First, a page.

We had all hoped that the chalk-heavy first round meant that we would have some spectacular games in the second round, and we had a taste of that yesterday. Wisconsin/Villanova was the standout game, of course, but Gonzaga/Northwestern and a couple of other games were also excellent.
In a lot of ways, however, Saturday was just an appetizer for Sunday. Kentucky/Wichita State is the headliner, but Louisville/Michigan and Michigan State/Kansas are both high quality games between elite programs, and we have several other potentially really fun match-ups. Get ready to make a dent in your couch today.
Yesterday ATS: 4-4-0
2017 Tournament ATS: 22-20-2 (52%)
2016 Tournament ATS: 36-30-1 (55%)
2010-15 ATS: 220-167-11 (57%)
Louisville (-3.5) over Michigan: If Michigan shoots the lights out like they did against Oklahoma State, obviously they can win this game, but if the shots aren't falling at above season average rates, they don't match up well against Louisville. The Cardinals are ferocious defensively in the paint and will make it difficult for Derrick Walton to be as effective as he usually is with the dribble drive. Louisville should also be able to take advantage of Michigan's small front line on the glass. Meanwhile, Louisville is vulnerable against teams that attack and draw contact (Louisville was dead last in the ACC in defensive FTRate), but Michigan is just not that style of team.
Kentucky (-4.5) over Wichita State: This is a potential Revenge Game for 8-seed Kentucky knocking off 1-seed Wichita State three seasons ago, although none of the regulars on Wichita State's roster actually played in that game. As good as Wichita State has been, I'm worried about Kentucky's length here. Wichita State is a 40% three-point shooting team, but Kentucky's perimeter defense is good at running teams off of the three-point line (as John Calipari teams almost always are).
Michigan State (+8) over Kansas: Both of these teams had uncharacteristically good performances and surprisingly large blowouts in their first round games. This is an awfully big spread, however, against a Michigan State team that has clearly been playing their best basketball of the season over the last month, with a fully healthy and dangerous Miles Bridges, and with the development of a really nice freshman crop. In addition, Michigan State's strong defensive rebounding is going to put pressure on Kansas to hit outside shots. The Jayhawks certainly can shoot well (40.6% on threes this season), but if the shots don't fall then this is a game that they can lose.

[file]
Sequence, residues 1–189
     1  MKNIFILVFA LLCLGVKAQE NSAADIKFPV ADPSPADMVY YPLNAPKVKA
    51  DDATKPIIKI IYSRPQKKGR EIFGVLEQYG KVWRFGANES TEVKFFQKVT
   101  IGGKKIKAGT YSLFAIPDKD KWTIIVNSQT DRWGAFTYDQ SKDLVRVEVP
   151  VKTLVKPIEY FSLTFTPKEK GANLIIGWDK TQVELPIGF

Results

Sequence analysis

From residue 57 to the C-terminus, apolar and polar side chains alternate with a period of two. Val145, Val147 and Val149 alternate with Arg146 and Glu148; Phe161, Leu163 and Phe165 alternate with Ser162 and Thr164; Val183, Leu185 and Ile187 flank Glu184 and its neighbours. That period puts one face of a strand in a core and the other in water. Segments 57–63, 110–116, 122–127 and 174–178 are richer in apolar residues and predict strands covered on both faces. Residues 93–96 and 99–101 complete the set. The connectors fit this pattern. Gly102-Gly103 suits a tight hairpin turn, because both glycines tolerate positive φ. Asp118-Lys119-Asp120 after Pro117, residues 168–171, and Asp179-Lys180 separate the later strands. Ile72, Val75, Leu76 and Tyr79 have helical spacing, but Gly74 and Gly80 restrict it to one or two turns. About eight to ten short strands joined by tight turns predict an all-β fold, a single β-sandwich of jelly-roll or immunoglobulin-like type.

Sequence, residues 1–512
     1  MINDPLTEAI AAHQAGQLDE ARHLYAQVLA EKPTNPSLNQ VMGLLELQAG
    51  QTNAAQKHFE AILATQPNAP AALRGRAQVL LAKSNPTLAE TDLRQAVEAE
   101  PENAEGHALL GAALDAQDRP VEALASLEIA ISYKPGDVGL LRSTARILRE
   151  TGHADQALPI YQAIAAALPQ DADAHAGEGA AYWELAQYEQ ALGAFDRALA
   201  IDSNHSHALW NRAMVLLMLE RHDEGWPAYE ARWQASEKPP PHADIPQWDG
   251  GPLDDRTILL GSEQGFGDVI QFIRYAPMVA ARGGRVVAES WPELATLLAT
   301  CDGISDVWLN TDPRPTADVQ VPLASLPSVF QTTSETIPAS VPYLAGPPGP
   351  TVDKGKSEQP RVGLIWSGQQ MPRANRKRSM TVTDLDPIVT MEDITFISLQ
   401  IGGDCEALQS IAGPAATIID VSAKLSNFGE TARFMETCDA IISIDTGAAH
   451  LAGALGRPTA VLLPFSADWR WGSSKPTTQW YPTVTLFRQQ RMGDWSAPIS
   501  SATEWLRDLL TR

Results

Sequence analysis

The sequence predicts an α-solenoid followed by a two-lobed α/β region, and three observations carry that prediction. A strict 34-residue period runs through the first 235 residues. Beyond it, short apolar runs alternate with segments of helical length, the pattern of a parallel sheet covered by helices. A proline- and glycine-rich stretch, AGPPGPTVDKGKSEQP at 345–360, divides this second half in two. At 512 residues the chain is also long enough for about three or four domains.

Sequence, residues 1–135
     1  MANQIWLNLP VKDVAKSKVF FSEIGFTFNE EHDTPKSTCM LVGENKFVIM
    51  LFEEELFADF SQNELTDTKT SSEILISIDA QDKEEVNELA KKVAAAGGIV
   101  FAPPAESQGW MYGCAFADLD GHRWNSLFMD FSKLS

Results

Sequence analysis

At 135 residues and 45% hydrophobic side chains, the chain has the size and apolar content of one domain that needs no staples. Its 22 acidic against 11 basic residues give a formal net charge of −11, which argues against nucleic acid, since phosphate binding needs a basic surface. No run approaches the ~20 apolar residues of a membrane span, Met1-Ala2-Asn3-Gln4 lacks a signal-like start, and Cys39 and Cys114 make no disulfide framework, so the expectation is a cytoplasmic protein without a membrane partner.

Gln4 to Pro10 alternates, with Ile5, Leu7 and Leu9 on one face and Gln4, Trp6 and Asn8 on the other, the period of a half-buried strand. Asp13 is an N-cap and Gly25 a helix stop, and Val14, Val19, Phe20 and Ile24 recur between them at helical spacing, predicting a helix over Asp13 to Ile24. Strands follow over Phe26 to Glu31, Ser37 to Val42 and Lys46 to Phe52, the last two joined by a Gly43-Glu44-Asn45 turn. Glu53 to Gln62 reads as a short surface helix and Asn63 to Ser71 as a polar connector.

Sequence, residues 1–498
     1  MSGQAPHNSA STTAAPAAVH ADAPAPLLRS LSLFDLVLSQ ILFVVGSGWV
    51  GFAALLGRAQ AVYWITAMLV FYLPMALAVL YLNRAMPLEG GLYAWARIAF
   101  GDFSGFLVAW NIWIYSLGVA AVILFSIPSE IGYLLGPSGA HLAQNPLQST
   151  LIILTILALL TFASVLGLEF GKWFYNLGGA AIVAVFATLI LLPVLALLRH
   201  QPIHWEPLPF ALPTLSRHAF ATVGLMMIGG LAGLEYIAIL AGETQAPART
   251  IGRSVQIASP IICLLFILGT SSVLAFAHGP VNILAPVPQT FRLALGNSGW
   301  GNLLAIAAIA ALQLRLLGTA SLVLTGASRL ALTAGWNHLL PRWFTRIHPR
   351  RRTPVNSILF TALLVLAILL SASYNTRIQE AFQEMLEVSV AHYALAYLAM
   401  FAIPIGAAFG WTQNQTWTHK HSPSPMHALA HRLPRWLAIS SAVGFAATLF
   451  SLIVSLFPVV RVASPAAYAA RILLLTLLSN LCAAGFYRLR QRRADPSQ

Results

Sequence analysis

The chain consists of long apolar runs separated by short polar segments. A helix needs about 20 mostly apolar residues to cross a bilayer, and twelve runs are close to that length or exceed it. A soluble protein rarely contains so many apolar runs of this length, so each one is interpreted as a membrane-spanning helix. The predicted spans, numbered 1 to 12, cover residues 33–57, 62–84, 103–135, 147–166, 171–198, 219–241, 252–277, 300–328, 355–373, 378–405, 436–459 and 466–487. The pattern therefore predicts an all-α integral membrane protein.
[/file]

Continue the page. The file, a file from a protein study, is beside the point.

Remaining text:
Arkansas (+11) over North Carolina: Even if Joel Berry plays, it's unlikely that he'll be 100%. If we believe this late season Arkansas spurt (they've risen from 59th to 38th in the Pomeroy ratings over the last five weeks) then this is too large of a spread even for a fully healthy Tar Heels roster. Arkansas doesn't have any match-up advantages, but they're a solid team and I'd be surprised if they get completely trucked.
Rhode Island (+5.5) over Oregon: Defensively, Rhode Island matches up well with Oregon. The Ducks were 2nd in the Pac-12 in 3PA/FGA ratio and hit threes at a 42% clip, yet Rhode Island led the Atlantic Ten in both defensive 3PA/FGA ratio and 3P% (whichever of those you choose to believe matters). If Oregon is not scoring particularly efficiently, and with a defense that has obviously taken a significant hit without Chris Boucher, I wouldn't be at all surprised if Rhode Island wins this game outright.
Baylor (-6.5) over USC: USC has oddly been getting a lot of hype the last couple of days. I think it's because so many people really didn't see them play this season, being buried late at night and on the Pac-12 Network. And yes, they played well the last two games, but both games were decided in the final minute, and this is the same USC team that entered the NCAA Tournament having gone 2-9 vs KenPom Tier A/B teams since Christmas. Baylor's defense, and their length in particular, are a further difficulty level from either Providence or SMU. Baylor's elite rebounding (they led the Big 12 in both offensive and defensive rebounding efficiency) will challenge a USC team that was 10th in the Pac-12 in defensive rebounding rate.
South Carolina (+7.5) over Duke: I'm trying my best not to overreact to that tremendous South Carolina second half against Marquette, where they simply looked better than they've looked all season long. But my real match-up concern here is Duke's ability to handle South Carolina's pressure defense, which led the SEC in both steal and turnover rates. Duke, as talented as they are on offense, does not have a real point guard, and they will potentially struggle with turnovers. If the Blue Devils get hot behind the arc, however, I'm skeptical that South Carolina's offense will be able to repeat anything like the 1.29 PPP that they poured in against Marquette.
Cincinnati (+4) over UCLA: I picked Cincinnati to win this game outright, and so I'm going to stick with my pick here. There are three reasons for that. First of all, UCLA is overrated, as Pomeroy has this game basically a toss-up (though Sagarin has the spread closer to 4). Second, UCLA's dependence on outside shooting makes me nervous, particularly against a defense as long and athletic as Cincinnati. Third, Cincinnati is an elite offensive rebounding team (20th in the nation in offensive rebounding percentage), which could pose problems for a UCLA front line that is tall but not particularly physical. The counter-argument, of course, is that UCLA has the ability to put up points in bunches in a way that Cincinnati does not. If the Bruins get hot behind the arc, they can obviously defeat anybody.